The Brilliance Of Resilience

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Diane Coutu wrote in the Harvard Business Review that resilient people shared three traits – a resolute acceptance of reality, a sense that life is meaningful, and an exceptional ability to improvise.

One of the most resilient people I know is my wife Shelley. The very first year I dated her she lost her dad. And then throughout the years her mum and other much loved relatives, and then last year her brother – to that insidious invader called death. And yet she pushes on resolutely – feeling the loss – but then adding and contributing so much into the lives of those of us who are still alive.

So let’s have a closer look at these traits.

1. A Resolute Acceptance Of Reality

I’m an optimist, but I’m also a realist. When I had to pack shelves at a supermarket in between careers, some years ago, I did it with a smile on my face. And as I rode my pushbike to work at four a.m. in the morning, or worked late into the night, I would always look for something good about what I was doing. I knew that it was only for a season, and I never let those arrogant managers wear me down. I’d made the choice to do this job, to allow me to have my days free to create new projects that I was working on like books and musicals. And what made it special was that in the evenings I would come home laden with bags of bread, bread rolls and sweet buns that had had their prices slashed to clear. Other employees would laugh at me with my load, particularly as they watched me lug all those bags home on the bike, but my children thought I was Father Christmas. The fact was, that no matter what turn of career I took – which represented my present reality, I always kept a tight hold on my life’s vision which was to be my future reality.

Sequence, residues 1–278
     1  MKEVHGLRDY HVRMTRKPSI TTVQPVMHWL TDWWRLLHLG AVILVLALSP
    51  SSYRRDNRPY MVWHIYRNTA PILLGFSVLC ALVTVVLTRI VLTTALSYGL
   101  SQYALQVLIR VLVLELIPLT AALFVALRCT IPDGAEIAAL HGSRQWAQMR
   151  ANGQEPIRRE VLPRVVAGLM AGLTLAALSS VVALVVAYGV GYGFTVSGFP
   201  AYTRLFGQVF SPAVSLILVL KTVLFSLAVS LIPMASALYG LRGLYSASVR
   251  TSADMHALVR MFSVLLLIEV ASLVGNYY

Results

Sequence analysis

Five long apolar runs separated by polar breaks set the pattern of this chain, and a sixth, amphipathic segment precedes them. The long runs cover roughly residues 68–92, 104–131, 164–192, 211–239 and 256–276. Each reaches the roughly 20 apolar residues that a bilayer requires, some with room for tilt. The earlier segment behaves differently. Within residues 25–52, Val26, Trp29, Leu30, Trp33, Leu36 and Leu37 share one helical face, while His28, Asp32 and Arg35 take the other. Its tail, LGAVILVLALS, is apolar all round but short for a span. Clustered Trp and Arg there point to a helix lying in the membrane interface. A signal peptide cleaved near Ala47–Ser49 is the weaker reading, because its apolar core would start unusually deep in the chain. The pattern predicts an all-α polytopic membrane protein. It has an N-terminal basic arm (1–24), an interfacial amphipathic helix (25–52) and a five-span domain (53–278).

2. A Sense That Life Is Meaningful

I have always lived with a sense that I was born for significance. For life to be meaningful, one needs to know that they have been born for a greater purpose than just themselves. I have tried many things throughout my life, but I have always known that I must pursue my passion. There have been times when I have done things that weren’t fully aligned to my passion, but I never stayed there. I’ve quickly moved back into the passion arena, because it is there that true meaning is found.

3. Ability To Improvise

When I escaped the world of classical piano tuition for a six month period at the age of fourteen, I entered the world of improvisation. It was a liberating experience to create something new, and it is that same creativity that I have taken into my speaking, my coaching, my writing, my composing, and my business development. It is a place where there is no restriction. You can actually make it up as you go along. I found this true in sales. By simply asking lots of questions the customer actually provided me with the ammunition to find out their real concerns and then meet their real needs. All I had to do was to improvise.

So apply these principles to your own life and win.

You were born to be brilliant. So be resilient.

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